I walked the avenue till my legs felt like stone
I heard the voices of friends vanished and gone
At night I could hear the blood in my veins
Black and whispering as the rain
On the streets of Philadelphia.
This past weekend I did something I hadn’t done in thirty years: I took the train to Philadelphia.
The occasion for my excursion was an editorial board meeting for a national medical journal. Such meetings are held twice a year. Six months ago I flew out to San Diego for the previous one. This time round I took the train.
Friday morning I boarded a two-car commuter rail just north of Hartford, rode it to New Haven, and connected with the northeast regional to Philadelphia. In thirty years I had forgotten that trains in the northeast corridor pass through rough stretches of country—past litter strewn ravines, boarded up brick buildings, scrap yards filled with piles of junked cars, graveyards populated by the dead.
Those of us on the train—the living—sit by the windows and watch graffiti covered walls stream by or read the morning paper, listen to an iPod shuffle or text message a friend. Occasionally we rise to our feet and stagger down the central aisle to the john before picking up a coffee or a bottle of water in the café car and return to our seats.
I arrived at 30th Street station in Philadelphia that afternoon and walked thirteen blocks to the Westin Hotel on 17th Street and checked in. The remainder of the afternoon I spent exploring the city on foot. I sauntered down Chestnut Street to Independence Hall, glimpsed the Liberty Bell through the massive window, paused at the memorial in Washington Square and picked up Walnut Street on the return leg. Near Jefferson Hospital I cut up to Chestnut again and stopped at a medical bookstore to browse the titles.
My first medical mentor had attended Jefferson Medical College in the 1960s. Shortly after I got to know him in the late 1970s, he developed Hodgkin’s lymphoma.
I in turn took my medical studies at Hahnemann at Vine and Broad Streets, where I cemented a life-long friendship with another student who now practices family medicine in Arizona. At the time we both roomed on north 15th Street, although he and his wife later took another apartment ten blocks south near Spruce. My wife and I sublet from them when they were out of town for a month that second summer.
I exited the bookstore with my hands thrust deep into the pockets of my trench coat. It had started to rain; the wind was whipping up in cold wet gusts. I passed by two musicians huddled in a stone archway playing a Michael Jackson tune on their saxophones. I’ll be there, one horn soothed reassuringly, while shortly afterward its companion echoed the same soulful sentiment. I tightened the collar of my trench coat against the wind and pulled the brim of my cap down tight.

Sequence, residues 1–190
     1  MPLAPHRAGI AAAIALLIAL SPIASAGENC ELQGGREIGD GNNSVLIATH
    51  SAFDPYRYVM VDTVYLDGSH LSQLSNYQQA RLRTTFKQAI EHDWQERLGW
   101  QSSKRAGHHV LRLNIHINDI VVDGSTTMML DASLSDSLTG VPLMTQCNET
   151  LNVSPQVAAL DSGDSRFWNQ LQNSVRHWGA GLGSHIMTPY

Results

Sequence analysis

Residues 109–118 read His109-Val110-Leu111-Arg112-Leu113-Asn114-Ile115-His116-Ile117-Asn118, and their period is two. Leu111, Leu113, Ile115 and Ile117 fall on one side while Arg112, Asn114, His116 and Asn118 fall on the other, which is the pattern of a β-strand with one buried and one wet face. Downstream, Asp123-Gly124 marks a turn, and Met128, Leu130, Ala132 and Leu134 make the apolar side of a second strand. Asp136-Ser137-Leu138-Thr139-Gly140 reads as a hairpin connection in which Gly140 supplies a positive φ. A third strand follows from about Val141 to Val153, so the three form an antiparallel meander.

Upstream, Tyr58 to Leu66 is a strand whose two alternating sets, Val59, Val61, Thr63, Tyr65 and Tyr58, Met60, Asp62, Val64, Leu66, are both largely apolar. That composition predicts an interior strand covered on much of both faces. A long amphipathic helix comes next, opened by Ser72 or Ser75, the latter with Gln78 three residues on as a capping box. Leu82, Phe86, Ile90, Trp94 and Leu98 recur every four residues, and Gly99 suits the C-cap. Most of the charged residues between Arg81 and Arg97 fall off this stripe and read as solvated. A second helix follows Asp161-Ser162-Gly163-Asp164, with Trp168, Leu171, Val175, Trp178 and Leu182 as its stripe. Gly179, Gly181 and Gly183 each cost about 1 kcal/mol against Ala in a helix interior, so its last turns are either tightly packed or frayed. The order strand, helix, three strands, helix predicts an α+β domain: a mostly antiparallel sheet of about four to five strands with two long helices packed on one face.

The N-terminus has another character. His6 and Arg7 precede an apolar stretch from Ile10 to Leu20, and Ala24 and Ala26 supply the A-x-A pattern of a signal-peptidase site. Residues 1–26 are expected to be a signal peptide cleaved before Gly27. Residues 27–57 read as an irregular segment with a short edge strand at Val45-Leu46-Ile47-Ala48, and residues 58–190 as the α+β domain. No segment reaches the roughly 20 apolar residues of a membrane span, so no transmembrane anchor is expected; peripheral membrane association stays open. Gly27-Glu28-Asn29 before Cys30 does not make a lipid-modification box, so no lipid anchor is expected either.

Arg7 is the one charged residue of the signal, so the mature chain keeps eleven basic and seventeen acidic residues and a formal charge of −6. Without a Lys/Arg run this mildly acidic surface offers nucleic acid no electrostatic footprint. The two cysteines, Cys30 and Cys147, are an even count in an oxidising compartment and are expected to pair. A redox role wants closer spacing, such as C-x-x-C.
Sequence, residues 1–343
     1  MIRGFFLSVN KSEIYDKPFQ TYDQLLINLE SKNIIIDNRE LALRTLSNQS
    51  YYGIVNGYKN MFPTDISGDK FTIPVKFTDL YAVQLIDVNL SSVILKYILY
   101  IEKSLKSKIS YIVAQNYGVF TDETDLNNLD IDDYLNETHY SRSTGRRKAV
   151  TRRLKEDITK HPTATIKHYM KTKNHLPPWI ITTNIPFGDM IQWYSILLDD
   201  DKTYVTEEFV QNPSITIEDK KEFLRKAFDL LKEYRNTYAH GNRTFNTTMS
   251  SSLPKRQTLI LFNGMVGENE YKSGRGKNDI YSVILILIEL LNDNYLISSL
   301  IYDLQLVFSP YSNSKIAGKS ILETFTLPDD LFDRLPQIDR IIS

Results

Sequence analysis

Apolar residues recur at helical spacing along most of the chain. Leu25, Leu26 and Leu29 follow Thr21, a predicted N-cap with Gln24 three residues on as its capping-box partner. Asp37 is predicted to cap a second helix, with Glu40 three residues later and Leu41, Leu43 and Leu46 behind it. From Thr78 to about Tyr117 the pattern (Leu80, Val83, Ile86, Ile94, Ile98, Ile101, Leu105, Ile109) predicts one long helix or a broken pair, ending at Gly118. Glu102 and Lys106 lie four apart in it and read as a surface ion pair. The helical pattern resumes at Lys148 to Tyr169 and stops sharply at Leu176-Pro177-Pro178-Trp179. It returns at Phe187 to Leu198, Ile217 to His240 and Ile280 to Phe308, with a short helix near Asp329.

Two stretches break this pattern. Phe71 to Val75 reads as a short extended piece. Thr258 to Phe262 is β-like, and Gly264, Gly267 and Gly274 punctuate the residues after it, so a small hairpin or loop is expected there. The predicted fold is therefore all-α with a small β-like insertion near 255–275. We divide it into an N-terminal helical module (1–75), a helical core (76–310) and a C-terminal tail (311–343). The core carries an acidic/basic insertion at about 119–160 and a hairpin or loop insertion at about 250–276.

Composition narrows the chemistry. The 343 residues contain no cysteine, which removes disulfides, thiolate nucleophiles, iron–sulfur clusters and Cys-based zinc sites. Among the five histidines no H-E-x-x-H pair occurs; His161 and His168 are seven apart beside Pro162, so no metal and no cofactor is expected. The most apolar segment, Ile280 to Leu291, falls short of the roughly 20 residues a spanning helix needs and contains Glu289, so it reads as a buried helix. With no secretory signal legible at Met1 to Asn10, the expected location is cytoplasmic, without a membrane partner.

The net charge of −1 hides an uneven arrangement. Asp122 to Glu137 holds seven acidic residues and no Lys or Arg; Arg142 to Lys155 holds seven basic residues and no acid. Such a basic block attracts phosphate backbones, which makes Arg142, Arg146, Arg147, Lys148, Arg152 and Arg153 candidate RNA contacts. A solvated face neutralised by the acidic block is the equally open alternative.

That evening I met up with my fellow editorial board members for dinner at Upstares & Sotto Varalli on South Broad. The remainder of the weekend flew by: an all day meeting in the Director’s Room at the hotel on Saturday, dinner at the Raw sushi bar on Sansom Street, a late evening demitasse of melted chocolate at the Naked Chocolate Café on Walnut.
Back in my room on the 14th floor of the hotel I stood at the window and looked down on the gleaming streets of the city. I thought about the man I had seen slumped over a makeshift cardboard sign on which was scrawled one word: “Hungry.” A tangled mass of black hair emanated from the back of his stocking cap, his coat was marred with grease stains, his ankles showed white between the tattered cuffs of his trousers and the tops of his dirty sneakers. When I dropped a few coins into the plastic bowl in his lap, he barely stirred. In thirty years the streets of Philadelphia haven’t changed much.
The cabbie I hired Sunday morning chatted in Arabic on his cell phone all the way down JFK Boulevard to 30th Street station. I tipped him a dollar and stepped out onto the wet pavement in the early morning darkness.
As we gathered at Gate 3 to make our descent to the waiting train, I noticed a young couple standing off to the side, holding hands with their foreheads touching. There are always young couples standing on station platforms, it seems; huddled together, oblivious to the rest of humanity.
Shortly after pulling out of the station we passed over the Schuylkill River. I caught a glimpse of the macadam path that runs along the bank by the boat houses. Another good friend and I attempted the Philadelphia marathon there when we were undergraduate students. I logged 18 miles before I cramped up from dehydration and dropped out of the race. Some things in life you never complete.
My mentor finally succumbed to his lymphoma this past year. I still correspond regularly with my doctor friend in Arizona. Once a year we get together for an afternoon saunter through another Pennsylvania town and catch up on our lives—far from the streets of Philadelphia.